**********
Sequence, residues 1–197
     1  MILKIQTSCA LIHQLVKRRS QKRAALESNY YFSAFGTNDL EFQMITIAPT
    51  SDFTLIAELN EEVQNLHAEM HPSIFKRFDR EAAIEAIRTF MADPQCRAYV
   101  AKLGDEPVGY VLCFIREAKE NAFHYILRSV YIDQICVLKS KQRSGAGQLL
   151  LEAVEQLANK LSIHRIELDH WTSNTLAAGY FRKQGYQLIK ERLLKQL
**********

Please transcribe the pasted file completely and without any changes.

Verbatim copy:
Sequence, residues 1–197
     1  MILKIQTSCA LIHQLVKRRS QKRAALESNY YFSAFGTNDL EFQMITIAPT
    51  SDFTLIAELN EEVQNLHAEM HPSIFKRFDR EAAIEAIRTF MADPQCRAYV
   101  AKLGDEPVGY VLCFIREAKE NAFHYILRSV YIDQICVLKS KQRSGAGQLL
   151  LEAVEQLANK LSIHRIELDH WTSNTLAAGY FRKQGYQLIK ERLLKQL